More than a decade ago, Woodbury’s Amble family—mom Becky Amble and sons Alex and Pasha Amble Gravdahl—curated an art show in the heart of their home as a way to support the Muscular Dystrophy Association, an organization that strives to improve the lives of those living with muscular disorders. After Alex was diagnosed at a young age with Charcot-Marie-Tooth disease, a genetic spectrum of nerve disorders causing muscle weakness, loss of sensation and joint stiffening, he made a lofty goal of raising $1 million for MDA.
The two-day sale showcases their family’s original work, and in the past has included the work of other local artists. The intimate setting allows visitors to see the heartfelt creations up close.
“I think art helps to create a whole person,” Becky Amble says. “You can use your creativity in different ways, whether you are an artist or not. You can look at art to feel a connection and find something that speaks to you. There is so much that you can communicate. If nothing else, it gets people to stop what they are doing, take a break and appreciate.”
To find a variety of artists for the original sales, Becky explored what the Minnesota art scene had to offer. She attended numerous local events, like the St. Paul Art Crawl and a variety of Woodbury art shows, to connect with artists and recruit them to become a part of the Amble art sale.
Prior to the genesis of the art show, musician Alex Amble Gravdahl began raising funds for MDA by taking donations and selling CDs of himself playing the piano. He performed at Rotary Club meetings and other venues and says music is one of his favorite forms of artistic expression.
For several years, this was his main fundraising push. Alex says the lean years only inspired him to work harder and explore additional ways of raising money for the organization that meant so much to him.
As he grew older, he began to explore other art mediums, like acrylic paint, colored pencil, marker, photography and fused glass. After expanding his skill set, Alex not only continued to perform and sell CDs, but he also began to showcase his artwork at state and regional fairs, and local Woodbury galleries.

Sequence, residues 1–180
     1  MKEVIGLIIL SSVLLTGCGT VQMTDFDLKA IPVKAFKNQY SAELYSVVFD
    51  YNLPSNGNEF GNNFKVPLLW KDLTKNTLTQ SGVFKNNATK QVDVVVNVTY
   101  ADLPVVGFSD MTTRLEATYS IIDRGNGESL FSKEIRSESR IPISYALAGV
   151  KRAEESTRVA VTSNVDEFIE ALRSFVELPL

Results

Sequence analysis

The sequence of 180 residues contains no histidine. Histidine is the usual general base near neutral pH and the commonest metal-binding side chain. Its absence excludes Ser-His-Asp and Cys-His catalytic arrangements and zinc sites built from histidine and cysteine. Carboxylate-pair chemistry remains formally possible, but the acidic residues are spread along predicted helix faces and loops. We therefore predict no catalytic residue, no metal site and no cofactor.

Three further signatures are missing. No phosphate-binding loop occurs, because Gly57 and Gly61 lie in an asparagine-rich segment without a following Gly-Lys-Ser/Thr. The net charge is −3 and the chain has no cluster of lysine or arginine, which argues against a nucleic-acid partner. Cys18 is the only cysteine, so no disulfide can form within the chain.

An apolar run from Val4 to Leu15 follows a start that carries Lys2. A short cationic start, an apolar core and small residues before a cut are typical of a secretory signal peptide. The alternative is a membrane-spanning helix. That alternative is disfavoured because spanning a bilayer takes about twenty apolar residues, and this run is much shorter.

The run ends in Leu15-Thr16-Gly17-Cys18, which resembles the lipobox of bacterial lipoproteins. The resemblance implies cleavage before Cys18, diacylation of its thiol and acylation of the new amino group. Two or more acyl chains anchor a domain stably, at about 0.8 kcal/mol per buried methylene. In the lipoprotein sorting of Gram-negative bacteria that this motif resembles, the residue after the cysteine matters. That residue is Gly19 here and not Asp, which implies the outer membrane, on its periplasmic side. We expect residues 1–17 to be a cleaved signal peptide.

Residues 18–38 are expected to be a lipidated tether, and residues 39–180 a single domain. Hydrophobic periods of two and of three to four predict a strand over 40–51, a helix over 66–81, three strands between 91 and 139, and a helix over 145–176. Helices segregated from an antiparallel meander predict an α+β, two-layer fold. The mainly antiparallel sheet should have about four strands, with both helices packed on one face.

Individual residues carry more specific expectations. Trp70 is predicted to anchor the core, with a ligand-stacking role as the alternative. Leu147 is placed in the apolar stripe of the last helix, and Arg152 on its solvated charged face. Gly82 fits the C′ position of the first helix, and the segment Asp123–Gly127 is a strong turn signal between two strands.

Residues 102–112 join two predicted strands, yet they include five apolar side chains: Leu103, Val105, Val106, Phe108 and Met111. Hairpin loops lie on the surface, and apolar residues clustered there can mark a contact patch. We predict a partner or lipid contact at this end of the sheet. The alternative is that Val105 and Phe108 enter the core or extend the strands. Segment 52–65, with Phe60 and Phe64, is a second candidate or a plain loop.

Over the years, Alex gained attention for his artwork at regional and state fairs, earning nearly 20 blue ribbons.
He has also had featured art in the MDA National Office and the National Tour Congressional Office in Washington, D.C., and has two pieces, “Apple Pearing” and “Thunder” displayed as a part of the permanent MDA Art Collection.
This art collection was established in 1992 as a way to highlight the achievements of artists with disabilities and emphasize that creativity has no barrier.
“We are all different and connect with different things,” Becky Amble says. “We can connect with art and have an expression and appreciation for it and the person that created it. Art helps people think, relax and understand perspective.”
The collection features 400 original, mixed-medium pieces from all ages, representing all 50 states, the District of Columbia and Puerto Rico, which are displayed in MDA offices across the nation. Pieces include “digital designs, collages [and] paint applied with wheelchair wheels and human feet. There are also many works in more traditional oils, watercolors, acrylics, pen and ink, crayons, pastels, bronze, ceramics and photography,” says the MDA website.
Alex isn’t the only Amble with a creative eye. His younger brother Pasha began his career selling his own greeting cards in a local gallery at age 3. Now 18, Pasha has a hand in realistic acrylic, pastel and colored pencil, and primarily works with photography, as he has a strong eye for composition. Mom Becky has an interest in creating functional fused glass pieces, and floral and landscape paintings in watercolor, acrylic or oil.
Celebrating the art show’s tenth year this fall, Becky Amble hopes that it will continue to be as successful as it has been. She attributes part of the success to the dedicated artists that have stuck with them throughout and committed to donating at least 10 percent of the proceeds of the sale to MDA.
The art shows have raised around $12,000 for MDA so far, and the Amble family takes pride in what they’ve been able to do with their art. “We as a family have a value of volunteering and helping others when we can,” says Amble. “We have a heart for service and hope that they can continue that in some fashion.”
Saturday, 10 a.m.-5 p.m.
Sunday, Noon-5 p.m.
6318 Crackleberry Trail